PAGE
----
The low hill, shadowed by banana and mango trees in the twilight of the late afternoon sun above the Venezuelan jungle, overlooked the heavily guarded camp a half-mile away. But that wasn’t his immediate problem.
Right now, it took everything Duane Jenkins could do to ignore the stinging sweat dripping into his eyes. Any unwarranted motion or sound might attract his target’s attention before he was in position.
From two meters away, he whispered harshly.
“Who the hell are you, sister? And how did you get here?”
He couldn’t help but smile. What kind of woman said crap when unexpectedly facing a sniper rifle at point blank range?
“Not your sister,” she gained points for a quick recovery. “Now get that rifle out of my face, Jarhead.”
Ouch! That was low. He wasn’t some damned, swamp-tromping Marine. Not even ex-Marine. He was ex-75th Rangers of the US Army, now two years in Delta Force. And as an operator for The Unit—as Delta called themselves—that made him far superior to any other soldier no matter what the dudes in SEAL Team 6 thought about it. That also didn’t explain who he’d just found here in the perfect sniper position overlooking General Raul Estevan Aguado’s encampment.
It had taken him over fifteen hours to scout out this one perfect gap between the too-damn-tall trees that made up this sweaty place and, with just twenty meters to go, he’d spotted her heavily camouflaged form lying among the leaves. It had taken him another half hour to cover that distance without drawing her attention.
Where was a cold can of Coke when a guy needed one? This place was worse than Atlanta in the summer. The red earth had been driven so deep into his pores from crawling over the ground that he wondered if his skin color was permanently changed to rust red.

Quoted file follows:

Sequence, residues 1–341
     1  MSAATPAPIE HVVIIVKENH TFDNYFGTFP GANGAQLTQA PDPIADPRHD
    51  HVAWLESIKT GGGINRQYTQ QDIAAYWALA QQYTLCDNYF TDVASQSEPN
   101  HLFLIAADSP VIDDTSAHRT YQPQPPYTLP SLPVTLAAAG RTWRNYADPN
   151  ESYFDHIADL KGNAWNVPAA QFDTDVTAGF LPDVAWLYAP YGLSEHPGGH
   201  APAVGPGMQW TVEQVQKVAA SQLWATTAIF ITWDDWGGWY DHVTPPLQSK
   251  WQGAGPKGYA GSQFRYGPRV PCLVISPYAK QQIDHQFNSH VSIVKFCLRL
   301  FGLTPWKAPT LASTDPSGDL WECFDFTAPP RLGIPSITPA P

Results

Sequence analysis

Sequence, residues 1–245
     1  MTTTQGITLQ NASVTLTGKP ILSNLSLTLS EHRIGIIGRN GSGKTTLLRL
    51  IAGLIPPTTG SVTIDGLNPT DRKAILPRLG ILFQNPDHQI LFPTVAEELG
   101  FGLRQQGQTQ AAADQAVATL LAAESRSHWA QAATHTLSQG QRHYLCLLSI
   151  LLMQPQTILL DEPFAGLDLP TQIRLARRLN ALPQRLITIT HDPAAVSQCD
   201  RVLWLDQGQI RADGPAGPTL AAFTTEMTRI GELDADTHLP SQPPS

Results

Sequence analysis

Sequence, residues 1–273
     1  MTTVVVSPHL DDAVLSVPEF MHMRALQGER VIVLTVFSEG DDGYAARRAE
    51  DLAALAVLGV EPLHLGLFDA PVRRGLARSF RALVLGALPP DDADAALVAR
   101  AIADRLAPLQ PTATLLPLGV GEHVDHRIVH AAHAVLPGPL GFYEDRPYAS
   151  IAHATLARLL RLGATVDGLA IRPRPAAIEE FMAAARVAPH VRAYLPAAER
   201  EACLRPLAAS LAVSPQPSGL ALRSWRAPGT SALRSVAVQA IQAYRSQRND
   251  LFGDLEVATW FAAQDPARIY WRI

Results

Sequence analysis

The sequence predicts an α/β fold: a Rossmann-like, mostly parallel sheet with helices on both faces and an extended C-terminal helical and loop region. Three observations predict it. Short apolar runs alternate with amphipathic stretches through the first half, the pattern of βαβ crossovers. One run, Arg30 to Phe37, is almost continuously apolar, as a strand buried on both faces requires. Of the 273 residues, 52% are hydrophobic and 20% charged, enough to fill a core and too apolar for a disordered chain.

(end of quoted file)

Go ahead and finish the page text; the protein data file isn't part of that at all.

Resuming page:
Why did evil bastards like Aguado have to come from such places?
More immediate problem, dude. Stay focused.
The woman’s American English was accentless, sounding flat to his Southern ear. Probably from the Pacific Northwest or some other strange part of the country. But there was a thin overlay that matched her Latinate features—full-lipped with dark eyebrows and darker eyes, which was about all he could tell through her camo paint. The slight Spanish lilt shifted her to intriguingly exotic.
But she wasn’t supposed to be here. No one was.
“Keeping you in my sights until I get some answers, ma’am,” Duane kept his HK MSG90 A2 rifle aimed right at the bridge of her nose—a straight-through spine cutter if he had to take her down. It would be serious overkill, as the weapon was rated to lethal past eight hundred meters and they were whispering at each other from less than two meters apart. With the silencer, his weapon would be even quieter than their whispers, but he hadn’t spent the last sixteen hours crawling into position to have her death cry give him away. If she so much as squawked as she went down, every goddamn bird in the jungle would light off, giving away his presence.
She sighed and nodded toward her own rifle that rested on the ground in front of her.